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Every once in a while, I find myself in a place where all my worries and paranoias become justified. A monster appears in my head and suddenly, I’m a failure in every aspect of my job. When I look at the library that I’ve been working on for the past month, I don’t see progress in the form of clean, termite-free bookshelves, I see a mess. I see 1,000+ books that still need to be organized and labeled. The blank looks on the faces of my pupils no longer motivates me, it haunts me. Surrounded by the sing-song accents of my fellow teachers, I become paranoid. What if my counterpart secretly dislikes me? What if the head teacher talks about me behind my back? In that moment, I’m convinced and it fills me with crippling doubt. I get nervous and I can’t contain my nasally American accent. No one understands me. I’m a foreigner, an outsider. For once, I don’t feel like I belong.

I give up. I lock myself in my house, feeding the monster inside me who whispers “you’re not doing enough.” I ignore mounting piles of laundry and dirty dishes. I lie in bed binge-watching TV-shows to quell the thoughts wreaking havoc in my mind. Inevitably, my laptop dies and I’m left to stare blankly at the shadows on the wall that are ominously taking the shape of my greatest fears. I am drained but restless. Sleep has escaped me so instead, I obsess. I think about the kids who come to school with no shoes on, their feet caked with mud. I think about the pupils who were just diagnosed with HIV. I feel helpless. My American privilege suffocates me and I feel guilty. I worry that the school will shut down, that I won’t reach my fundraising goal. I am obsessed with the project, trying to think of new ways to fundraise. I have nightmares about it. I can’t escape the possibility of impending failure. I feel as if I’m trying to stay afloat with legs chained to the bottom of the lake. I cry. I can’t even pinpoint exactly what I cry about but I start to doubt if I’ll ever find my way out of the darkness that consumes my mind.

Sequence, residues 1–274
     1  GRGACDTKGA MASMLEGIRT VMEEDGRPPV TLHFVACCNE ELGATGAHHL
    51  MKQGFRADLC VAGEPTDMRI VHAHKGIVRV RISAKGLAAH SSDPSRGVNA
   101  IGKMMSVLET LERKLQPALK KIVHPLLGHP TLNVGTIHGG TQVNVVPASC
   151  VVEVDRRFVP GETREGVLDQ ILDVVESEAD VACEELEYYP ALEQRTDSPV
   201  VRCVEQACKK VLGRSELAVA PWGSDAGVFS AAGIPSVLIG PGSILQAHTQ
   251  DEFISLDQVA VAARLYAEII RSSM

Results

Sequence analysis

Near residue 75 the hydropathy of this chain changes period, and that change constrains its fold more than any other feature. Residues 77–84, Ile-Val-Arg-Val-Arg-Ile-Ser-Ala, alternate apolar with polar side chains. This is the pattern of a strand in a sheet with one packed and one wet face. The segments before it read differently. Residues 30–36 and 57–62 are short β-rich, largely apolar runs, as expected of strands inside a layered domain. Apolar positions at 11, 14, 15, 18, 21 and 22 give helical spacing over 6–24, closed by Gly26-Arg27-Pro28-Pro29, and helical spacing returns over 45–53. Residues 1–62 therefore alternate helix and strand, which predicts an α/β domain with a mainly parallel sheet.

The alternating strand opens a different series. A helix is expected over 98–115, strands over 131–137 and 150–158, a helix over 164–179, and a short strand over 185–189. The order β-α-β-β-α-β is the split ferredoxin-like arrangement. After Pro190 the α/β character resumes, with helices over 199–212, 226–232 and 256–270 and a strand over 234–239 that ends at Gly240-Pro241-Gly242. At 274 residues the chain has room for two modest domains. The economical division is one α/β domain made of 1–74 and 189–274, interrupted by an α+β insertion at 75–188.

I miss home. I miss the chill air and crisp freshness of autumn. I want to wrap myself in the ignorance that once coddled me. To shake of these thoughts, I fantasize about upcoming trips. I count the days until I’m in the company of Americans once again. But when I get there, when I’m surrounded by fellow volunteers, in a café that feels as if it was uprooted from America and dropped in the middle of a small town in Uganda, I still feel alone and the juxtaposition of both worlds leaves me feeling uneasy. I spend too much money on fancy coffee and numb my mind with mindless web-surfing. My former life taunts me on Facebook and I judge everyone on my newsfeed. I become the monster in my head.

I am acutely aware of every emotion. My body hurts. My shoulders burn from heavy jerry cans and an even heavier backpack. My feet are torn and calloused. Mosquito bites decorate my body.  I feel dirty and all my thoughts are irrational, but just like I still can’t cross the street without thinking about all the ways I could get hit and die, I can’t control them. All I can do is get to the other side. Eventually, I shake off the monster and I emerge, still aching, with a renewed sense of positivity that keeps me going until I find myself in this place again.

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